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05/05/2022
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WorkScoop

'Antiquated methods' won't plug cyber skills gap

As technologies and threat landscapes evolve, and the U.S. economy struggles to fill more than half a million vacant cybersecurity jobs, colleges and universities need to rethink the way they educate future talent, speakers said at yesterday's Hack the Capitol conference in Washington. “No matter how many students we get into cyber degrees, it’s not going to be enough,” said Eman El-Sheikh, the director of the University of West Florida’s Center for Cybersecurity. “We can’t expect to use the same antiquated methods,” she said. Benjamin Freed reports.


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Welcome to the 'metaversity'

A chemistry professor at Atlanta's Morehouse College was so taken with her experience testing virtual reality in a course this spring, she's now pushing for all incoming freshmen to receive a VR headset when they arrive on campus. “It frees [students] from distraction,” said the professor, Muhsinah Morris. “They can learn more of the material faster and they’re able to actually engage with the material in a way they otherwise wouldn’t have.” Colin Wood has details.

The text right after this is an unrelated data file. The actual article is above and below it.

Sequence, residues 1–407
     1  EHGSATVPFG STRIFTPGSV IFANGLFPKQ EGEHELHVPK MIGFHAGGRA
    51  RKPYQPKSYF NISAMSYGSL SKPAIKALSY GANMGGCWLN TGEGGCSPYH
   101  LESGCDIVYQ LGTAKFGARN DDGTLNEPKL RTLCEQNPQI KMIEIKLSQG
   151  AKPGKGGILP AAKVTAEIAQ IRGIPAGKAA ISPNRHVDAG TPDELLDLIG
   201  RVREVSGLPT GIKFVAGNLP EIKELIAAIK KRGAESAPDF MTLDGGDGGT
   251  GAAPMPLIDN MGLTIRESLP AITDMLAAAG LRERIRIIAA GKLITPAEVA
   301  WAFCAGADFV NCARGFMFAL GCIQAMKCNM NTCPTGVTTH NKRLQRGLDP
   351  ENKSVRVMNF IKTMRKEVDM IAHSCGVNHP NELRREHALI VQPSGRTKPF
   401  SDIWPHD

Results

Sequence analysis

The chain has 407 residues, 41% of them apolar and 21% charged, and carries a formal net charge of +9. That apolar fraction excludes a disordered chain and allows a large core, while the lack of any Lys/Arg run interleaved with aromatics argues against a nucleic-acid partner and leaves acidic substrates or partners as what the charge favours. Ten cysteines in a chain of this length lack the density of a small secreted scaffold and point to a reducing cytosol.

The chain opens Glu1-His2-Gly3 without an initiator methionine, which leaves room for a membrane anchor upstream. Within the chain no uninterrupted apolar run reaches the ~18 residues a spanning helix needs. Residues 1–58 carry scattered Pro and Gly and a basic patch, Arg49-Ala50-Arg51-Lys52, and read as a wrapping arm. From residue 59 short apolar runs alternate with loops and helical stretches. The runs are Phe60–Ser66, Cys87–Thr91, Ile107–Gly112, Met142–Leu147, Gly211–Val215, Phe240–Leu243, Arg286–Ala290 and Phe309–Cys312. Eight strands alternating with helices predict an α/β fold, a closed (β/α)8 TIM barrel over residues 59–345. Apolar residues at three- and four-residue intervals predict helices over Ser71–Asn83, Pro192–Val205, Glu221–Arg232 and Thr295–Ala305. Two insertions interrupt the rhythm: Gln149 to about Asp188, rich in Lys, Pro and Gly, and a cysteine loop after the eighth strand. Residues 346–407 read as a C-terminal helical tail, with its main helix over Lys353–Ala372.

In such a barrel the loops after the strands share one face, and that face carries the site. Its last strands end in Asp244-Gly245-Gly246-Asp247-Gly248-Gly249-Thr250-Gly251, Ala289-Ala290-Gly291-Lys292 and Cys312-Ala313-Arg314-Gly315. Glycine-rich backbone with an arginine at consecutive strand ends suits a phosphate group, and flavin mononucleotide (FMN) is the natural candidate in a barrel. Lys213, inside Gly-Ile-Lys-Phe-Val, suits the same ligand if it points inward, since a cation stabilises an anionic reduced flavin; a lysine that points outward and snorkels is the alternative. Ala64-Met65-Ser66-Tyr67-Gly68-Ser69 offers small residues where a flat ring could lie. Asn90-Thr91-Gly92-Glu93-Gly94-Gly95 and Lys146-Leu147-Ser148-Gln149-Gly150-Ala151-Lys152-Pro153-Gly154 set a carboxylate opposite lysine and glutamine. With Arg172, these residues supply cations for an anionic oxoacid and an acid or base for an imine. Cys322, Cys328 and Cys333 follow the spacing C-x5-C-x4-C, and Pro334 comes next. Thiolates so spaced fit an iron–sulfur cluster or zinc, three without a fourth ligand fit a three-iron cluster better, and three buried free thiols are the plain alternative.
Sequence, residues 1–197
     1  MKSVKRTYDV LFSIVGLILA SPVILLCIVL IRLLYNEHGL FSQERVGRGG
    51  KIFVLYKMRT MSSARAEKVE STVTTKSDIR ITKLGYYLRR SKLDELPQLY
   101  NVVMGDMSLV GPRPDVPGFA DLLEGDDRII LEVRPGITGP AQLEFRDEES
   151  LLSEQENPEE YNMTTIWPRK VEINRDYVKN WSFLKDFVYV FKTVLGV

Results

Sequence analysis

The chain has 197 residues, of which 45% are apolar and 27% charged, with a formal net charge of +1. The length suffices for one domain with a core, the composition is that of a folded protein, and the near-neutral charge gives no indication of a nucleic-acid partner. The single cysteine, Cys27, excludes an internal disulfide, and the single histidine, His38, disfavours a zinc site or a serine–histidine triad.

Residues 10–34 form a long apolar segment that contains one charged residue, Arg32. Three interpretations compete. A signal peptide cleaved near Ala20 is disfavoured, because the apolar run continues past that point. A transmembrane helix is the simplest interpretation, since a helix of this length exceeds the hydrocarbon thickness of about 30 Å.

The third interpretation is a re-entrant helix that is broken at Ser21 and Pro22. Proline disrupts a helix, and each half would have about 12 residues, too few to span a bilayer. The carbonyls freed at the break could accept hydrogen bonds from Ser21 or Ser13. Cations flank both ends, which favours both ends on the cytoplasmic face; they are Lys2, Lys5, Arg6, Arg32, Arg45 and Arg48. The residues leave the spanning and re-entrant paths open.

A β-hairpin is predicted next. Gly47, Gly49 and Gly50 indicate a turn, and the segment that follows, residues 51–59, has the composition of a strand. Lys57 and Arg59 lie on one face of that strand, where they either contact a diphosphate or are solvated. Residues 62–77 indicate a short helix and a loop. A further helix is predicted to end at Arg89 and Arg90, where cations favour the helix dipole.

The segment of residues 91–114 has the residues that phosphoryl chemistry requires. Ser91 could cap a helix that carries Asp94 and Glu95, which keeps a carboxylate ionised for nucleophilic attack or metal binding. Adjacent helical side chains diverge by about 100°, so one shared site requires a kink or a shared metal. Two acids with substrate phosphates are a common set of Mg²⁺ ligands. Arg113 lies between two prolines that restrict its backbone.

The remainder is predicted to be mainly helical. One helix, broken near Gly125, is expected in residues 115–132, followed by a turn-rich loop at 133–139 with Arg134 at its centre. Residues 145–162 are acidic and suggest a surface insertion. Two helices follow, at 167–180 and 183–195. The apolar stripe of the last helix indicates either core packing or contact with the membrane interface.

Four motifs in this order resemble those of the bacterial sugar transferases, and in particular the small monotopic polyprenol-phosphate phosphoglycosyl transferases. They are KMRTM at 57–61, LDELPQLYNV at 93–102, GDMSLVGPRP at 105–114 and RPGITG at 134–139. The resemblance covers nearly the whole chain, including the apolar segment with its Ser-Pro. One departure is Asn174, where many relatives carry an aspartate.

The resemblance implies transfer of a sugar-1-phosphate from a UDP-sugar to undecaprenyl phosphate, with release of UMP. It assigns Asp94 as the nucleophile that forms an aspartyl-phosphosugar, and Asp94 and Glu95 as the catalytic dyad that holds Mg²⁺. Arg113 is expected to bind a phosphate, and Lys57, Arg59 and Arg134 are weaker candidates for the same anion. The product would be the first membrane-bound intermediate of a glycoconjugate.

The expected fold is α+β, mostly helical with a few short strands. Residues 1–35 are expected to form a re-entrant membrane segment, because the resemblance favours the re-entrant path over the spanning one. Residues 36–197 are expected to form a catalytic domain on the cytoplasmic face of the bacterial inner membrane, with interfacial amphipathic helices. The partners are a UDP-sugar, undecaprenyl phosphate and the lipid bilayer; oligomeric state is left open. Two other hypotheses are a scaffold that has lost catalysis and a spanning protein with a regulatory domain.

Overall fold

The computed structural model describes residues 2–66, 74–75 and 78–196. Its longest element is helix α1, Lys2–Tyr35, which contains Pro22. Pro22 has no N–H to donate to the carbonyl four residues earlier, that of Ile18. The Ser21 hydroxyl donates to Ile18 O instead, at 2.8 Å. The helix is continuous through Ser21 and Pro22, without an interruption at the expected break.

Students like it online

As college campuses balance in-person classes with online offerings, self-paced courses are still carrying favor among students, according a survey released Wednesday by the edtech company Anthology. Mirko Widenhorn, Anthology’s director of engagement strategy, told EdScoop that students chose online options as the second-most important element in their education experience. However, opportunities for in-person offerings ranked third, he said, seeming “a little bit dichotomous.” Emily Bamforth had the story.


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